Across the US, pizza has many forms: from humble, nourishing Neapolitan slices to indulgent portions of deep-dish to innovative, customizable whole pies baked and delivered within minutes of a placed order. Pizza has reached beyond its Italian roots and become an American obsession: two-thirds of consumers have eaten it in the last week, and 20% of millennials have had a slice within the past day. With over 67,000 pizza restaurants across the country and a multitude of ways to prepare pies at home, it’s easy for American consumers to feed this obsession.
Beyond dinner and delivery
Though consumers most often order pizza for takeout or delivery around dinnertime, there are numerous opportunities for growth outside the dinner daypart – since 2007, pizza has grown by 98% on breakfast and brunch menus. Today an array of operators are taking inspiration from the trending morning daypart to refresh ubiquitous pizza concepts – think next-level flavors such as California Pizza Kitchen's globally-inspired huevos rancheros breakfast pizza made with scrambled eggs, spicy chorizo, enchilada sauce, cotija cheese and sliced avocado.
Additionally, the home kitchen has become a more exciting space for pizza occasions in recent years as take-and-bake pizzas and speed-scratch ingredients like dough balls become readily available in supermarkets. For consumers, at-home pizza creation is not only affordable and convenient but can also be a collaborative activity that affords more control over ingredients and toppings. All this is to say that there’s value for operators in leveraging these emerging occasions beyond traditional spaces and dayparts.
Customization is key for pizza creation
In Datassential’s issue of “International Concepts: Pizza,” we referred to pizza as a “blank canvas” for flavors, ingredients and toppings, and indeed, our report reveals that pizza as a build-your-own concept inspires creativity in both operators and consumers alike. As part of the research for the pizza report, consumers participated in a pizza ordering simulator in which they were given the option to build their own pizza, customizing everything from crust type to sauces to toppings.
While classics like pepperoni, sausage and mushrooms are the most popular overall, the simulator revealed that men are more likely to gravitate towards premium or indulgent proteins like pork belly, while women skew towards lighter options such as grilled chicken and spinach. Trend-forward ingredients like pickled vegetables, organic sauces and ancient grain crusts are appealing to over a third of consumers – more so for millennials than other generations.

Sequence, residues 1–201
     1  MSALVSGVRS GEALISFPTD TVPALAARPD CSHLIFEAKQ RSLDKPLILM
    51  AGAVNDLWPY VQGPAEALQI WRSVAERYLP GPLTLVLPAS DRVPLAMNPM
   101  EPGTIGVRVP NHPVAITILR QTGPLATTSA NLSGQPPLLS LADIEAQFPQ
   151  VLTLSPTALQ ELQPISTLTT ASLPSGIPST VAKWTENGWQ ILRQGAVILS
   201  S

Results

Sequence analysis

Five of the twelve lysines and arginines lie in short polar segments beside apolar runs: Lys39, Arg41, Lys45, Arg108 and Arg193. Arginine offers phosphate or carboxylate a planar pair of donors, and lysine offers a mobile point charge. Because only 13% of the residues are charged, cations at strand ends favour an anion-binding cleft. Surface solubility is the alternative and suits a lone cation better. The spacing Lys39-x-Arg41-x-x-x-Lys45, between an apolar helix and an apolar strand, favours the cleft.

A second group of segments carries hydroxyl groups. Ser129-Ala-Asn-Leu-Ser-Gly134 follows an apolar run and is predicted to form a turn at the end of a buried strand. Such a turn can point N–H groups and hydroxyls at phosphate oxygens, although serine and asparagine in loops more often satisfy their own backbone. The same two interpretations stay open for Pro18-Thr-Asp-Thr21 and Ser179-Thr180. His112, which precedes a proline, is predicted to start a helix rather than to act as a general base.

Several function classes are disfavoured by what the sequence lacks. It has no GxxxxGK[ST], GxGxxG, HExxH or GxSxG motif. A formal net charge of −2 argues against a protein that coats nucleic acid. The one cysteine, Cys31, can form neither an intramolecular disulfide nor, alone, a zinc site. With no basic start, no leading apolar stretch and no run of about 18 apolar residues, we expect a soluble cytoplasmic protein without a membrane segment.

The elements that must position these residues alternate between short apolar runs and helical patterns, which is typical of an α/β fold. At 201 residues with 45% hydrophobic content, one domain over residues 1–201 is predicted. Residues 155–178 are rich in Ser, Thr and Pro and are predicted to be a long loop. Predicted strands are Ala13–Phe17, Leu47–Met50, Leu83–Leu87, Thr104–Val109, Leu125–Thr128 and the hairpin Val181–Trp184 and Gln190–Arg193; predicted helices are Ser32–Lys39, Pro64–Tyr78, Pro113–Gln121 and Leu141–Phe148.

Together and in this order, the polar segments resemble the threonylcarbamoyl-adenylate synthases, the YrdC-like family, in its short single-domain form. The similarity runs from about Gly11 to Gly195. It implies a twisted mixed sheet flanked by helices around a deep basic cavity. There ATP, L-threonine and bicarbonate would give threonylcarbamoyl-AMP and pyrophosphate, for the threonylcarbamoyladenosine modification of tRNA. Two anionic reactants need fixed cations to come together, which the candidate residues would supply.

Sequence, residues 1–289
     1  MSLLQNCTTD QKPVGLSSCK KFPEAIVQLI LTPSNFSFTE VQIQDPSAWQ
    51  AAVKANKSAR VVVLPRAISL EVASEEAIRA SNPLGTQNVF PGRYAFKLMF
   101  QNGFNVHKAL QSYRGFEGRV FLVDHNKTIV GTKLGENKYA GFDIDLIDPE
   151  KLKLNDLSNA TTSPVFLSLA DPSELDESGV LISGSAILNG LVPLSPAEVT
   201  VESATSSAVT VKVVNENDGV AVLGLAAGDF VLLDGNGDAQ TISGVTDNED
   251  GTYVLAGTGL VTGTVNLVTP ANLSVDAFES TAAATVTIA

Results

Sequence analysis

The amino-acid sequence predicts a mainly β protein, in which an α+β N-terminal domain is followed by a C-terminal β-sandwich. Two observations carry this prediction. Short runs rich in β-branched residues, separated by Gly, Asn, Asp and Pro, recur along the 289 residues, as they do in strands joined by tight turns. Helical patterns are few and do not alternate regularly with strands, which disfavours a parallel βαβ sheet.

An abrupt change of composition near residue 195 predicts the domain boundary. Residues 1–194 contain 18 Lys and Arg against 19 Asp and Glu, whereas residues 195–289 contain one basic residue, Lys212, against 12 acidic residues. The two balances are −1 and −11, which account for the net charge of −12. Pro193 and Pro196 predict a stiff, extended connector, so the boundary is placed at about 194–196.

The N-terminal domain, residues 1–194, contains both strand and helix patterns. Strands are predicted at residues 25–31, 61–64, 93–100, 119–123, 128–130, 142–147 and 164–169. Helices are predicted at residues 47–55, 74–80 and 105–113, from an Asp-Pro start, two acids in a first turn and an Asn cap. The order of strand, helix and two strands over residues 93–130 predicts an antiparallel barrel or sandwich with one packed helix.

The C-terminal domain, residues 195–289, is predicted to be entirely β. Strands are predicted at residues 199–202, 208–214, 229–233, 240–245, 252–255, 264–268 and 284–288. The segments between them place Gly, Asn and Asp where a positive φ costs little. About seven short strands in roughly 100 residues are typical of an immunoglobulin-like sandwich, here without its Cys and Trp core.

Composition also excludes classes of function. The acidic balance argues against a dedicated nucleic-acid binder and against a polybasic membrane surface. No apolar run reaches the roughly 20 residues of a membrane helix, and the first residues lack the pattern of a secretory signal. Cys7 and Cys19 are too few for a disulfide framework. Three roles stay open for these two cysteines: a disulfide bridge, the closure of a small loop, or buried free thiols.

Importantly, consumers are willing to pay extra for these trendy ingredients; around a third of consumers are drawn to these premium options regardless of whether or not they carried an additional upcharge. Balancing well-loved pizza options with a few trend-forward additions sprinkled in will be critical for operators looking to appeal to a wide variety of consumers.
Pizza preferences from region to region
Every region of the country carries its own distinctive food culture – indeed, consumers from different regions display unique preferences for pizza flavors and varieties.
In the Midwest, thin-crust pizza and Chicago deep dish are prevalent, while Sicilian and Neapolitan varieties hold a stronger presence in the Northeast. Meanwhile, consumers in the West prefer lighter pizzas focused on fresh ingredients, such as margherita and California-style pizza.
Pizza markets also display regional differences when it comes to the split between independent pizzerias and small or national chains: although around 70% of the pizza restaurants in many Northeastern cities are independent, national chains reign supreme in several Southern metro areas. In general, regional differences lead to unique distinctions in consumer ordering patterns as well as consumer affinity for flavors, ingredients and toppings.
It's worth taking note of these various regional pizza varieties as leveraging them can go a long way toward connecting with local consumers and offering out-of-towners an authentic experience (what’s visiting Chicago without trying out some deep dish?).
Ultimately, the pizza landscape is steeped in well-loved traditions and habits, from the way consumers order pizza to the varieties they savor. A vital avenue to the future of pizza lies in keeping these traditions at heart, while also tapping into emerging opportunities to make pizza more exciting, convenient and customizable. For more ways to realize these opportunities, ask about our full report.
Huy Do is a publications intern at Datassential, a supplier of trends, analysis, and concept testing for the food industry. To purchase our Pizza Keynote or International Concepts: Pizza, both of which are mentioned in the article, contact Datassential managing director Brian Darr at firstname.lastname@example.org.
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